Anyone who has been on a diet (or like me, a hundred diets) knows all too well what a “perfect” meal plan for the day is supposed to look like. Here is a typical example:
Egg whites (cooked with pan spray)
Black coffee or plain tea
Salad with grilled chicken and lemon wedge (no dressing)
Plain iced tea
½ cup rice
Totally depressing, right? Unfortunately this is the type of diet plan we’ve been told to follow for years, and one we think we should follow still in order to get results.
Well, those who keep going back to restrictive diets like this are getting results—just not the results they intended. Quite the opposite, actually.
I see this with new clients all the time. Though I don’t offer them a diet to follow, right away my clients’ food journals start off looking like the meal plan above. But then it’s only a matter of time before they crack and the overeating (especially of sweets) starts to fill their food journals. Most of their overeating happens at night—after they have struggled all day to “be good.”
Once the food frenzy is over, they tell me about the shame and guilt they feel for overeating and tend to get down on themselves for having no willpower. I am quick to offer relief by helping them see what’s really going on.
A common theme I have noticed in most of my clients is that in their diet history, they have previously adhered to a diet plan that was so restrictive it caused them to become obsessed with food to the point of uncontrollable binging and/or hiding food and eating in secret.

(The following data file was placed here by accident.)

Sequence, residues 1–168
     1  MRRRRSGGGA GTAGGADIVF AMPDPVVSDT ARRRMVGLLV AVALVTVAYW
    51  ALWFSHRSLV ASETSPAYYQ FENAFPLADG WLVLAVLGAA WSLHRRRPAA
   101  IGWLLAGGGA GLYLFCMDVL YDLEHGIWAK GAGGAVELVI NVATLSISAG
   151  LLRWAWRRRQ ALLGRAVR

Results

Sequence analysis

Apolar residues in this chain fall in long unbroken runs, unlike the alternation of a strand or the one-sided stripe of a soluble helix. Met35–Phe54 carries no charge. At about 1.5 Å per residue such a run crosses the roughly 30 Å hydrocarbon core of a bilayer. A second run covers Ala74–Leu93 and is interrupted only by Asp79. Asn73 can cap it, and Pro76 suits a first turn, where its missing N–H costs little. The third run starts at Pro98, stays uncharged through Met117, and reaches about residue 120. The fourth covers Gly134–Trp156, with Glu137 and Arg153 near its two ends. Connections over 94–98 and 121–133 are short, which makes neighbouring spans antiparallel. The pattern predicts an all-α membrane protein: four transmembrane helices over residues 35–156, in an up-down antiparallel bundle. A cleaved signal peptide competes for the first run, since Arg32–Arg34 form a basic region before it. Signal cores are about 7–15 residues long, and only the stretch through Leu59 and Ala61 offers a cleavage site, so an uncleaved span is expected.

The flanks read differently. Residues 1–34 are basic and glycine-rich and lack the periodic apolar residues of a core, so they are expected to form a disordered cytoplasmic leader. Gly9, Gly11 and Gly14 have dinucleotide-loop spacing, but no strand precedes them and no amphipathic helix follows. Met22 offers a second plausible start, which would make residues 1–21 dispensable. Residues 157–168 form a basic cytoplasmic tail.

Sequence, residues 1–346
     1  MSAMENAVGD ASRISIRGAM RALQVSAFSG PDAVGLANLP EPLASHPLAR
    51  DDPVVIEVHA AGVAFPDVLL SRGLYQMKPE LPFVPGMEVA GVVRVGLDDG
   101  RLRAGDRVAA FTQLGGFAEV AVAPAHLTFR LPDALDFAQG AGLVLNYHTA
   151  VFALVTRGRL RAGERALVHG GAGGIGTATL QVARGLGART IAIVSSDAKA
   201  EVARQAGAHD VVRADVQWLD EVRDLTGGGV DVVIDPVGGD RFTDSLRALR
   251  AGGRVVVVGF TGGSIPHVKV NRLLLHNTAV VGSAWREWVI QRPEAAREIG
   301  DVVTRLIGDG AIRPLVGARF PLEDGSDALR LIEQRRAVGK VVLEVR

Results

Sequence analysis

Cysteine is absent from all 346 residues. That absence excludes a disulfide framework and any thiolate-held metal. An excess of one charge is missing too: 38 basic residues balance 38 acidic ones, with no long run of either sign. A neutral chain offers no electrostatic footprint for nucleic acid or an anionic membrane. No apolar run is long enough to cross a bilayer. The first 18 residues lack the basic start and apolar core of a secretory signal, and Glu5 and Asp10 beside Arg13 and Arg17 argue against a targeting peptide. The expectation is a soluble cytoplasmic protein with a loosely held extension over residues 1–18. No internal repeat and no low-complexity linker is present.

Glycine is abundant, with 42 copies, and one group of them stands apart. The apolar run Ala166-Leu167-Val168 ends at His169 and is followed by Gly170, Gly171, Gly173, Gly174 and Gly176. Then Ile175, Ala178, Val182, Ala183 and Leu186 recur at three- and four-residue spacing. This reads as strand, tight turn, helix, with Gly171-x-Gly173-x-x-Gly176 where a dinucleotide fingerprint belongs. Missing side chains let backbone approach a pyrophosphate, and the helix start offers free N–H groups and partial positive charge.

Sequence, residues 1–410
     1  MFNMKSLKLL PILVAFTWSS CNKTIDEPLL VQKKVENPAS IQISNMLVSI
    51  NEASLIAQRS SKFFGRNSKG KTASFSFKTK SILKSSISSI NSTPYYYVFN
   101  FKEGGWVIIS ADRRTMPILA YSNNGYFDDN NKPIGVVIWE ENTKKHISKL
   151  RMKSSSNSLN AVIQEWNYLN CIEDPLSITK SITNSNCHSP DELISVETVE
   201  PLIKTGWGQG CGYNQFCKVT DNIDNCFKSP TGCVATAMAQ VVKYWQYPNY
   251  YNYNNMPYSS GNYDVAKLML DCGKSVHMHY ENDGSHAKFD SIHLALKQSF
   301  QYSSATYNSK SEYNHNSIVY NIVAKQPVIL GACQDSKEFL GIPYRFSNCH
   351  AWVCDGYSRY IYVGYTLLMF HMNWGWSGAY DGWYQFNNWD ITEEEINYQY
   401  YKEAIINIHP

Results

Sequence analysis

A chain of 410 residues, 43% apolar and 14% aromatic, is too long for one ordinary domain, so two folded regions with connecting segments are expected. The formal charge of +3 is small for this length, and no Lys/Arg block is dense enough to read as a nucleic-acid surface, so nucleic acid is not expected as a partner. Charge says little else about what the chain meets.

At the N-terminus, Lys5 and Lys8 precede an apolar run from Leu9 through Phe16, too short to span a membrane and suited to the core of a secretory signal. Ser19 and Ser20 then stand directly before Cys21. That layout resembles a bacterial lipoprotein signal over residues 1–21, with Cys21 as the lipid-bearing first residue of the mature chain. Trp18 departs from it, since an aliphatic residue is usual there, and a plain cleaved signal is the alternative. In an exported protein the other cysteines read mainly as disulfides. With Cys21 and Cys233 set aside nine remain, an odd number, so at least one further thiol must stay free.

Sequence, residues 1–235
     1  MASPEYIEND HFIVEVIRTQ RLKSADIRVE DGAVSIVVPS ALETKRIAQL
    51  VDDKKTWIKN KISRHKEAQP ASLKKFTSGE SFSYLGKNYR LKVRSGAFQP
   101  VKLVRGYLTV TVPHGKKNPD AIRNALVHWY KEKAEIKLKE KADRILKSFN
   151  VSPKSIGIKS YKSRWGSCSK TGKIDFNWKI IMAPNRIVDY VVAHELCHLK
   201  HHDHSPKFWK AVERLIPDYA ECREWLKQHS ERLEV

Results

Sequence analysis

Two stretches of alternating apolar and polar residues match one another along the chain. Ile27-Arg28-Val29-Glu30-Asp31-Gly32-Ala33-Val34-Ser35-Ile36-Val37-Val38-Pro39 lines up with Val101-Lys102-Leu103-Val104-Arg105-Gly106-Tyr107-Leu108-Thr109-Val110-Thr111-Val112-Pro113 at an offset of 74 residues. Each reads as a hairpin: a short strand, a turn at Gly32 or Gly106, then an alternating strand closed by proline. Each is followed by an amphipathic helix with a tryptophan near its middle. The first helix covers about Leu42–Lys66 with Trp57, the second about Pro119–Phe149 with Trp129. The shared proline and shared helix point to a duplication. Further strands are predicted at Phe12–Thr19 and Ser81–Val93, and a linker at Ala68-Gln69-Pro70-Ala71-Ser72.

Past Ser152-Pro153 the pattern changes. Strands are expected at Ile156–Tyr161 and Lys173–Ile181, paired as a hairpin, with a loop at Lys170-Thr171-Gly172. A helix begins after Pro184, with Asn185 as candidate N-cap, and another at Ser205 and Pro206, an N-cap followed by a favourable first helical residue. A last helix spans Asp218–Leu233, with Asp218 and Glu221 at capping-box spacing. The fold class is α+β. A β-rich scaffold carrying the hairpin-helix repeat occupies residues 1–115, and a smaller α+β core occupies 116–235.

The experience of extreme deprivation and subsequent rapid weight gain was so traumatic for them that their internal alarm bells go off the minute they put themselves back on any kind of regime that resembles a diet. They instinctively rebel by overeating. It’s not a lack of willpower—it’s a protective reflex.
When I look at meal plans like the one above, the first thing I notice is that it’s not that much food. I also notice that it’s plain and boring. For many, just looking at a diet plan like this brings up feelings of scarcity. That feeling of scarcity is the very thing that drives overeating.
And let’s be clear: they are not sneak-eating grilled chicken and broccoli. They are choosing foods like candy, cookies, chips, or ice cream. They eat the very foods they tell themselves they can’t have. Does this sound familiar?
If this is resonating with you, let me share with you what I teach my clients:
- Start with a clean slate. Leave all those past diet-y meal plans in the past. Those meal plans were never your meal plans anyway. They were created by someone else and do not take into account your personal likes and preferences.
- Focus on NOURISHING your body. Dieting equates to the removal of food choices (scarcity), but the act of adding in nourishment feels abundant. You know your body best, so build your personal meal plan based on foods your body thrives on. Be sure to incorporate your favorite fun foods, too! Knowing you can have them feels good and eliminates the need to fixate on them.
- Eat luscious food. Luscious food is the kind of food that not only satisfies your need for fuel, but that also satisfies your palate. When you eat boring, tasteless food, it’s not long before you are rummaging through the cupboards for something else with FLAVOR. It doesn’t matter if you are not hungry; you want to feel satisfied. By eating luscious foods to begin with, you end up eating less overall than if you ate junk food on top of diet food.
Switching from a scarcity (diet) mindset to an abundant (nourishing) mindset will take some practice and the transition is not meant to be perfect. You may still overeat from time to time as you are figuring this out and that’s okay. When this happens, I invite you to be kind to yourself and remind yourself that this is a process. Just keep moving forward, focusing on abundance and nourishment.
Did your body relax just now when you thought of abundance and nourishment?
Mine sure did!